Abstract WP371: Cortical Superficial Siderosis and Mortality in Cerebral Amyloid Angiopathy

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Abstract

Objective: To investigate whether magnetic resonance imaging (MRI) markers of cerebral small vessel disease predict overall mortality in cerebral amyloid angiopathy (CAA) patients.

Methods: Subjects were consecutive survivors (age≥55) of spontaneous symptomatic CAA-related-lobar ICH and CAA presenting without lobar ICH, diagnosed according to the Boston criteria drawn from an ongoing longitudinal cohort study and Memory Disorder Unit. All subjects had brain MRI at presentation. Baseline clinical, imaging, laboratory data and mortality information were collected. Neuroimaging markers including focal (≤3 sulci) or disseminated (>3 sulci) cortical superficial siderosis (cSS), cortical subarachnoid hemorrhage (cSAH), cerebral microbleeds (CMBs), enlarged perivascular spaces (EPVS) and white matter hyperintensities (WMH) were evaluated. Overall mortality risk was assessed using Cox proportional hazards models adjusting for potential confounders.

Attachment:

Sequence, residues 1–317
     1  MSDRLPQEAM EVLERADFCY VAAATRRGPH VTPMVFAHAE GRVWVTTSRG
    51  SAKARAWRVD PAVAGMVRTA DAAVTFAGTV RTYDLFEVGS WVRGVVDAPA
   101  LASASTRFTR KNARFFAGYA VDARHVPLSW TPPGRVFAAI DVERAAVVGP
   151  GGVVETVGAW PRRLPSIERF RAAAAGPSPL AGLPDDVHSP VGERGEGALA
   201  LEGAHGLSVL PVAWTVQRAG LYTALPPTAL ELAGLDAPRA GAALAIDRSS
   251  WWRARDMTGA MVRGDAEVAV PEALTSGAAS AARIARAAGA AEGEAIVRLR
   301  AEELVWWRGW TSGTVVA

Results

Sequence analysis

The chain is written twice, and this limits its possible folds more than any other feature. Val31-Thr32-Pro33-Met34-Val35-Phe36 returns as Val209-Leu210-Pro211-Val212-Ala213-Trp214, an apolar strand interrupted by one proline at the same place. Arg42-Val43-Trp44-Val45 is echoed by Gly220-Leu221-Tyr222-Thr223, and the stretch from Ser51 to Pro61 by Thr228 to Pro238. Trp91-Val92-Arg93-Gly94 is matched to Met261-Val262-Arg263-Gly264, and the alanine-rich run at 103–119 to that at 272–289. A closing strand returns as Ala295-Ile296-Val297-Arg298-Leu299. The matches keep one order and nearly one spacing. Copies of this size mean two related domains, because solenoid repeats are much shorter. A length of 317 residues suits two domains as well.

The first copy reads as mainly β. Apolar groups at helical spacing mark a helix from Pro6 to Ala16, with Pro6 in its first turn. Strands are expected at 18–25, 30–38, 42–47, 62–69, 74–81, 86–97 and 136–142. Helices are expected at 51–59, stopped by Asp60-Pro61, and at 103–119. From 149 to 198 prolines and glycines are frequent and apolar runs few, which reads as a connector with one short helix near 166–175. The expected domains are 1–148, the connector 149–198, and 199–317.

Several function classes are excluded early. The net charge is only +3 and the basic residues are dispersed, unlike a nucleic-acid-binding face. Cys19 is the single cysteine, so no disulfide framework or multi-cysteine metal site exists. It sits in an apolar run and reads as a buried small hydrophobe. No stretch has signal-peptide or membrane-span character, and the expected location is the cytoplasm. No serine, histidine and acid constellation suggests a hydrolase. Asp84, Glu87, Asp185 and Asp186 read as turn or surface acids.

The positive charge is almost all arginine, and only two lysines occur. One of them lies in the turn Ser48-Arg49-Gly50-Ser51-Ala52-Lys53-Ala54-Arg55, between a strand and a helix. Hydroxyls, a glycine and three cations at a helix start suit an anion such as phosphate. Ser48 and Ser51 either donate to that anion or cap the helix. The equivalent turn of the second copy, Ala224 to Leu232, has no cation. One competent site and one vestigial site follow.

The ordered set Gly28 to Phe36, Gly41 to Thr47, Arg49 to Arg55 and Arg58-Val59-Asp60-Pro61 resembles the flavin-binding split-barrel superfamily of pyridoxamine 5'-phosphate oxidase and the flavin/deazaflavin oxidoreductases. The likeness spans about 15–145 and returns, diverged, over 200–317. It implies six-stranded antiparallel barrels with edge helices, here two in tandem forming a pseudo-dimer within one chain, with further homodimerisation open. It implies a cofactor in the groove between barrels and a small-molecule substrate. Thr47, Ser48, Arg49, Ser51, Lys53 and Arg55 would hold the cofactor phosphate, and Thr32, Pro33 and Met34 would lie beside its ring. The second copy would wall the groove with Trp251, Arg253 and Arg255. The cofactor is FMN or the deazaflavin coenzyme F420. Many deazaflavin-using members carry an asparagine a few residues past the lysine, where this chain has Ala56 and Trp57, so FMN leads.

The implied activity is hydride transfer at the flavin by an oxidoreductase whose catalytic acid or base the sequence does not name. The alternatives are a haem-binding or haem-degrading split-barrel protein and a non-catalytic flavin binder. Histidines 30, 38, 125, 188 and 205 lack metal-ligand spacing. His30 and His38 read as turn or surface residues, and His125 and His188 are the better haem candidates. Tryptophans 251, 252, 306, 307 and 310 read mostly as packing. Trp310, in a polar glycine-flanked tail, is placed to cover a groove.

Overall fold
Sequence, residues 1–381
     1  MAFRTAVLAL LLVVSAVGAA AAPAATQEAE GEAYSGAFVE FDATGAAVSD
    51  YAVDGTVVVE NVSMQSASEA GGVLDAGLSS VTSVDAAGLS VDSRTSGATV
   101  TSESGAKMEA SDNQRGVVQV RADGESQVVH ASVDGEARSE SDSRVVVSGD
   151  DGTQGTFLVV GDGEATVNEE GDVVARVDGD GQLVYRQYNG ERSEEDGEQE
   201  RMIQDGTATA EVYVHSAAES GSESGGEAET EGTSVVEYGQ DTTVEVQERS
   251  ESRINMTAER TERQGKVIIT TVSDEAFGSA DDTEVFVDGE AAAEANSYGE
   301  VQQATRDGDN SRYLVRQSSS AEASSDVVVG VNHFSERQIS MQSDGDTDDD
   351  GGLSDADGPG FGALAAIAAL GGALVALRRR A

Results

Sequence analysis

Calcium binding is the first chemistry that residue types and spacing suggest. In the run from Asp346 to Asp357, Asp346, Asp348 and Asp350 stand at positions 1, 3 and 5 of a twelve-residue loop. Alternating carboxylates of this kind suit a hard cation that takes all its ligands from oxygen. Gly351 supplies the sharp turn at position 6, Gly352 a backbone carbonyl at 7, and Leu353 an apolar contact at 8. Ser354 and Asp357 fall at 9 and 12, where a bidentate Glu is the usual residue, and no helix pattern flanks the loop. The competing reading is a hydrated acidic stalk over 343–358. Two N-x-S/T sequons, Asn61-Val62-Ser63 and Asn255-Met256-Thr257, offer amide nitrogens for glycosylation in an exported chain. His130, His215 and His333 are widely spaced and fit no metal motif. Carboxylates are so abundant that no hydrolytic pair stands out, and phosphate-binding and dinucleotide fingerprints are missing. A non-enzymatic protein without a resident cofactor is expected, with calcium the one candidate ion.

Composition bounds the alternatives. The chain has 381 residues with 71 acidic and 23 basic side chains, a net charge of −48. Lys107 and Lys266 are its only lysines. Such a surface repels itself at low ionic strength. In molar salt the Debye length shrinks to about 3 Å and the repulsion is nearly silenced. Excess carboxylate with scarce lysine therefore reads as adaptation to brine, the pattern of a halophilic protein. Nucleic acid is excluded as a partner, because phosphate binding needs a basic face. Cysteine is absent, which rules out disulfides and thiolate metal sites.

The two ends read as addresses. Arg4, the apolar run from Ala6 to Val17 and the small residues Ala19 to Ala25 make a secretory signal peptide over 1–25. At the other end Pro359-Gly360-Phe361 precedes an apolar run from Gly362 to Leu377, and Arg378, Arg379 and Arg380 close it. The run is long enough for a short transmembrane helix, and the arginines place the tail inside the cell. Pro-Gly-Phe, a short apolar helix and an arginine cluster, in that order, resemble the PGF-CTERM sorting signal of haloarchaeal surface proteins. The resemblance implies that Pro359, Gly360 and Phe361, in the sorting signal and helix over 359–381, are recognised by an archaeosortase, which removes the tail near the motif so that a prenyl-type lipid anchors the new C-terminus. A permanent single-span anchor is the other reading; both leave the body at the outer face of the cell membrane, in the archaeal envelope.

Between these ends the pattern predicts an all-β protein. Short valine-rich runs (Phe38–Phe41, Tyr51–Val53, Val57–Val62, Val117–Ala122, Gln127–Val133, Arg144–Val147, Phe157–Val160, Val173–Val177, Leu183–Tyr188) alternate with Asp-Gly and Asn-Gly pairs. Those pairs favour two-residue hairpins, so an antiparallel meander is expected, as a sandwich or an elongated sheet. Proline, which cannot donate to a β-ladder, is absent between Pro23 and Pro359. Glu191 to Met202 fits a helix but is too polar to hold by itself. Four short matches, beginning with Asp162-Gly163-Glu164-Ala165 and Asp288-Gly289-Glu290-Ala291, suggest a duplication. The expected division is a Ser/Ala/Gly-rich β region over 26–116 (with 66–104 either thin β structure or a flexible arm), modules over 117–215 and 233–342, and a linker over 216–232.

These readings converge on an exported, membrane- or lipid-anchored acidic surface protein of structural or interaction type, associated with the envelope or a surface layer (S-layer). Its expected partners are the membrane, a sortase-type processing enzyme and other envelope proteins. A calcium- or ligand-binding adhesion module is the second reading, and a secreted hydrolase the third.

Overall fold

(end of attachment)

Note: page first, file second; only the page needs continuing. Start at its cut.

Results: A total of 335 patients with probable CAA were enrolled, 196 presenting with lobar ICH and 139 without lobar ICH. During a median follow-up time of 3.44 years (interquartile range 1.61- 5.52 years), 181 of 335 patients (54.0%) died, 37.3% were patients with lobar ICH and 16.7% were those without. In univariable analysis, disseminated cSS, moderate to severe WMH, higher age and CAA related-lobar ICH group were predictors of overall mortality (p<0.05 for all comparisons). After adjusting for moderate to severe WMH and multiple CMBs (CMBs ≥5 foci), disseminated cSS remained as an independent neuroimaging predictor of overall mortality (HR 1.66; 95% CI 1.05-2.64, p = 0.030). Other predictors of mortality were older age (HR 1.08; 95% CI 1.06-1.11, p < 0.001) and presence of lobar ICH (HR 1.87; 95% CI 1.34-2.61, p < 0.001). The mortality risk was even greater in patients with both disseminated cSS and lobar ICH (HR 2.28; 95% CI 1.41-3.69, p = 0.001) and as well as in older patients (age>75 years) with disseminated cSS (HR 1.86; 95% CI 1.08-3.23, p = 0.026).

Conclusion: Disseminated cSS is an independent neuroimaging biomarker of increased risk of overall mortality in probable CAA, particular in those patients with lobar ICH and older age. These findings may serve identify important markers of CAA severity.

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